The voice was coming from the water, from that thing. She couldn’t spare a second to look up. The knot was impossible—no, wait, one of the loops loosened. Just a touch. A bit more and she’d be able to—
The weight on the line had ripped the oarlock completely out of the
railing. The line was running free. She reached for it, then felt a tremendous yank as if something or someone was pulling on the line from the depths below.
In a split second she was overboard.
She struggled to tread water; with her ankles tied together she had to move like a mermaid. She’d grown up by the bay and was a strong swimmer, but the weight was heavy.
Her head slipped below the surface. No! She would not drown! Summoning all of her remaining strength, she undulated her hips and knifed up to the surface. She pulled her long red hair from her face. The boat was right there! She reached up and was able to curl her fingers around the railing. She caught her breath. If she could just hold on until—
“Want a hand, Jilly?”
She looked up. The thing, the Grampy thing was now in the boat. He—it—reached downand touched her bare shoulder. She watched in horror as its flesh dropped into the water like overcooked meat from the shank, leaving nothing but greasy black bone. He laughed and pulled his arm back. She didn’t scream. She had to keep all her wits about her and concentrate. Maybe if she swung back and forth she’d be able to get her elbow over the rail and—her fingers were slipping. The rail was covered in something slick. She tightened her
grip, but it wasn’t working.
She smelled something. What was it? Cookies. Burnt cookies. Not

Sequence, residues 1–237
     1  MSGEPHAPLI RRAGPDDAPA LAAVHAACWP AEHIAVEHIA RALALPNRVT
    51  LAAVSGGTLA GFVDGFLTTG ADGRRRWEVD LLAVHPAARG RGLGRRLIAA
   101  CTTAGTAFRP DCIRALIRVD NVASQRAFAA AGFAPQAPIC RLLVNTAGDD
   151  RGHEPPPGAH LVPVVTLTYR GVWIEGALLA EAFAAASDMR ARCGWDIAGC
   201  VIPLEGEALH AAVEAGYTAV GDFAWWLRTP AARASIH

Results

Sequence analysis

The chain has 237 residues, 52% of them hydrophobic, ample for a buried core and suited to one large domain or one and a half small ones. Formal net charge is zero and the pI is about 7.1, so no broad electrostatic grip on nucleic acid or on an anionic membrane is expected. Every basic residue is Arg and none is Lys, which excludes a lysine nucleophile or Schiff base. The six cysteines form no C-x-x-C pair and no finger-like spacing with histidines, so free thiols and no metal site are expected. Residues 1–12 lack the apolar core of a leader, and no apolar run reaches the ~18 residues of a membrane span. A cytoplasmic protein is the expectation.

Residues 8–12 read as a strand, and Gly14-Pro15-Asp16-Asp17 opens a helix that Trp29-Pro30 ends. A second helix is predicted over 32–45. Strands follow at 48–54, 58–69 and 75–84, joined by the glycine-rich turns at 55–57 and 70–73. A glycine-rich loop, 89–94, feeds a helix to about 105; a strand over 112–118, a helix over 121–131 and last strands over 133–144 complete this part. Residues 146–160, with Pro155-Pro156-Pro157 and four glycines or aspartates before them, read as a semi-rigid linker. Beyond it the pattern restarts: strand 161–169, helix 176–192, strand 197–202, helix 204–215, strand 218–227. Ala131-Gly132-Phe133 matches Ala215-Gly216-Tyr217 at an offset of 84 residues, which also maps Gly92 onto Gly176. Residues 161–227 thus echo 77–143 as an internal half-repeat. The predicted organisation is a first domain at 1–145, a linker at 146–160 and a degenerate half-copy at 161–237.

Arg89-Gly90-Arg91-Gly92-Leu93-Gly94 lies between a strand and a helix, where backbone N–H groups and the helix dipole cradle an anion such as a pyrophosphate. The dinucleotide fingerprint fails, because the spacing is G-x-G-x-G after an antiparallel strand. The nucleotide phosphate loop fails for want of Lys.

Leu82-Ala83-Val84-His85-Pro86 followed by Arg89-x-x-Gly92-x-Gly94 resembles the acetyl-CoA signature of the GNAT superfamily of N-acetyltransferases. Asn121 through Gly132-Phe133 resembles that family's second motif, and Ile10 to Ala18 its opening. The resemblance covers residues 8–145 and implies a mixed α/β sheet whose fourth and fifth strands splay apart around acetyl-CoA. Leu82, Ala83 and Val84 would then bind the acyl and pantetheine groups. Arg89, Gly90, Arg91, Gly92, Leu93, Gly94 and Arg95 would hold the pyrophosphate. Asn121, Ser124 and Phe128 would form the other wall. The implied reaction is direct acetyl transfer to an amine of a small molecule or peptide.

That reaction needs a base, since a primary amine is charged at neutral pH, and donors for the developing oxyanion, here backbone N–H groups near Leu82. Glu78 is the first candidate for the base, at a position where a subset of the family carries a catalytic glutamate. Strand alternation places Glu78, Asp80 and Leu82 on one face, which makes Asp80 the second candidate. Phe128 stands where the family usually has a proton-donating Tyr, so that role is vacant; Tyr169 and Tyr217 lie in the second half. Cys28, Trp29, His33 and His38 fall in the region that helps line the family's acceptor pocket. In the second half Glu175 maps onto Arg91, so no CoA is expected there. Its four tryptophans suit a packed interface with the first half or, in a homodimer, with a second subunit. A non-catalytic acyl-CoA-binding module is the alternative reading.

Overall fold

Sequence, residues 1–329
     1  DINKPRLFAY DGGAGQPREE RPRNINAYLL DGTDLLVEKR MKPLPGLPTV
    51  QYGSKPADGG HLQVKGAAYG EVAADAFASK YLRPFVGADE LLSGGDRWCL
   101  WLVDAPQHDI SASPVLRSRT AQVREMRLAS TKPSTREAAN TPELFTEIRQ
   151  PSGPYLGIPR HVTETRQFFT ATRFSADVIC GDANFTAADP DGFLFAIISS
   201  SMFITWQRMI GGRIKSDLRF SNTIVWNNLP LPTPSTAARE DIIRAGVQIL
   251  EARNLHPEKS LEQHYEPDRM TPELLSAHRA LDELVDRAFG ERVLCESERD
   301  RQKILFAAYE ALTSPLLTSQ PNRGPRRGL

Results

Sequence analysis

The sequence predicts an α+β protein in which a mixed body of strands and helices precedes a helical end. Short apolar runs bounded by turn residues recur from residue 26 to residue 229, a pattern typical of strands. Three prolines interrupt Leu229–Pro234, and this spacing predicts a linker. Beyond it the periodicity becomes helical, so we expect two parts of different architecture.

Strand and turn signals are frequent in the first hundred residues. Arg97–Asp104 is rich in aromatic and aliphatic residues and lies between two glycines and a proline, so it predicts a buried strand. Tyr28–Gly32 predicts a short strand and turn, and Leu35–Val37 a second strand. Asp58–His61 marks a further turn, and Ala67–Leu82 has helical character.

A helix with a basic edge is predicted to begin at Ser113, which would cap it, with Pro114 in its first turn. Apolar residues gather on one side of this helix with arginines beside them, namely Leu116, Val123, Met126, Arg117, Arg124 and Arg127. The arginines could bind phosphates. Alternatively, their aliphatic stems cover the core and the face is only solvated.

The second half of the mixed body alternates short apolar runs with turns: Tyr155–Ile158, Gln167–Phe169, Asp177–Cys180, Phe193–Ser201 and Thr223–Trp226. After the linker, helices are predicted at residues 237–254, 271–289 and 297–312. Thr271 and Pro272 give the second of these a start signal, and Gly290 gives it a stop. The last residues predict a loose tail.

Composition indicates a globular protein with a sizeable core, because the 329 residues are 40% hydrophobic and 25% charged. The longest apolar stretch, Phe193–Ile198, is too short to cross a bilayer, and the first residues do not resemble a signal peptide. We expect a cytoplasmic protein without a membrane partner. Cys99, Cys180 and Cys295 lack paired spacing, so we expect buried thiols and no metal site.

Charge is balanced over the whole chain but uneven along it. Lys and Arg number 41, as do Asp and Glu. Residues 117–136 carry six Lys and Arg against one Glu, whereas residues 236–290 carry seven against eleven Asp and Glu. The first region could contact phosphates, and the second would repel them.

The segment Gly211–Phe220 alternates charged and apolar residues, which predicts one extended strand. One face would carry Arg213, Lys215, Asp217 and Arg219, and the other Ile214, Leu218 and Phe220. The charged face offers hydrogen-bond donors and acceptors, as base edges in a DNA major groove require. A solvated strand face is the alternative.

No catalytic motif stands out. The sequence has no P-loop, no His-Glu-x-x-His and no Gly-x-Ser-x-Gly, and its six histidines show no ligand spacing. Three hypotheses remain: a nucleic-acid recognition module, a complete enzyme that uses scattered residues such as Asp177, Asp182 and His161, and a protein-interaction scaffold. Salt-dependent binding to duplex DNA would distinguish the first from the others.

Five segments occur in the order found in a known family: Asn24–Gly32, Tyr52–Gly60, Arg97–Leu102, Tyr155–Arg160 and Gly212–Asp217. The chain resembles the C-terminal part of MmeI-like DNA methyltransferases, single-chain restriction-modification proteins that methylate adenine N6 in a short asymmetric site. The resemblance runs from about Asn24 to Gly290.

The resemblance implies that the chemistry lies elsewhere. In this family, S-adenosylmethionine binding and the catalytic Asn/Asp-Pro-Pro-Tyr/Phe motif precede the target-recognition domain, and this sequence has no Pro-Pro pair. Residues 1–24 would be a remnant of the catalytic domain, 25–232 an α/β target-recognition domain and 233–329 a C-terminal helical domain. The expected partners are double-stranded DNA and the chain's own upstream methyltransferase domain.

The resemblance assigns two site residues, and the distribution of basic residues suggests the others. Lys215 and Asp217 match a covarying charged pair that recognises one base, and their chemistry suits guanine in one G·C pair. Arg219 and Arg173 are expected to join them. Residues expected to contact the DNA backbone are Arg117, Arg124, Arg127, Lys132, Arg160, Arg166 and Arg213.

chocolate chip, more like—
The thing leaned over the rail, inches from her face. Its putrid breath compelled her stomach to convulse violently, and she had to fight to keep the bile from rising in her throat.
“Time to go, Jilly.”
God help me! She felt a tickling across her breasts and looked down to see a swarm of shiny black waterbugs tightly circling her. She tried to dig her nails into the wooden rail and squeeze her fingers as hard as she could. For a moment she didn’t move. Then the muscles in her fingers weakened and her grip slowly curled under the railing. No! No! No!
Wait. Of course. This is a dream. Has to be. She laughed to herself,
hoping she would remember everything in the morning so she could tell Tony.
He’d probably tease her for dreaming she was naked.
The tickling became more pronounced, and she looked down again. The bugs had formed two long lines. With military precision, each line scaled one of her breasts, circling the rounded flesh like a conquering army. Deeper into the water she saw the Grampy thing looking up at her, smiling, beckoning.
And she knew she wasn’t dreaming.
She willed the muscles in her fingers to hold, but they were numb and could no longer respond. Her grip released.
She didn’t scream. Instead, she used her last breath to whisper, “Beware the Light.”
Then Jill Louise Bryant slid silently down into the black glass.
Mike Pace was born in Pittsburgh, Pennsylvania. He attended the University of Illinois on an art scholarship, and graduated with a BFA degree. He taught public school in Washington D.C.’s inner city, while attending law school at Georgetown University. As an attorney, he prosecuted numerous cases, including those involving murder and rape. He resigned in order to practice law part time, thereby allowing him the time to devote to his first love, creative writing. He lives on the Chesapeake Bay with his wife and two dogs, Blueberry and Scout. DEAD LIGHT is Mike’s first novel.
Website- http:// Mikepacebooks.com